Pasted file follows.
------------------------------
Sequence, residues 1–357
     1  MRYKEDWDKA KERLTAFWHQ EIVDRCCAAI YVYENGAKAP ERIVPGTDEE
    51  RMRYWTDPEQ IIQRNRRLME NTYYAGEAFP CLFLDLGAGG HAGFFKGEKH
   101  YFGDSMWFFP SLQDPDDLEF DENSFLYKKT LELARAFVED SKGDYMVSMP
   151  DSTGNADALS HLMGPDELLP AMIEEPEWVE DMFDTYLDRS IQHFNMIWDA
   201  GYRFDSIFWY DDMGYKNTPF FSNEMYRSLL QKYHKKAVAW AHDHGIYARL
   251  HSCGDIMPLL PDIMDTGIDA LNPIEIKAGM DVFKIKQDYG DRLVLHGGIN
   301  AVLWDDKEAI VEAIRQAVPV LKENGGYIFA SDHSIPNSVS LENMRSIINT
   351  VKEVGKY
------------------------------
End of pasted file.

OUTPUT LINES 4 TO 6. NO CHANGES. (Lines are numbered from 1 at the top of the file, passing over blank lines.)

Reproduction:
   101  YFGDSMWFFP SLQDPDDLEF DENSFLYKKT LELARAFVED SKGDYMVSMP
   151  DSTGNADALS HLMGPDELLP AMIEEPEWVE DMFDTYLDRS IQHFNMIWDA
   201  GYRFDSIFWY DDMGYKNTPF FSNEMYRSLL QKYHKKAVAW AHDHGIYARL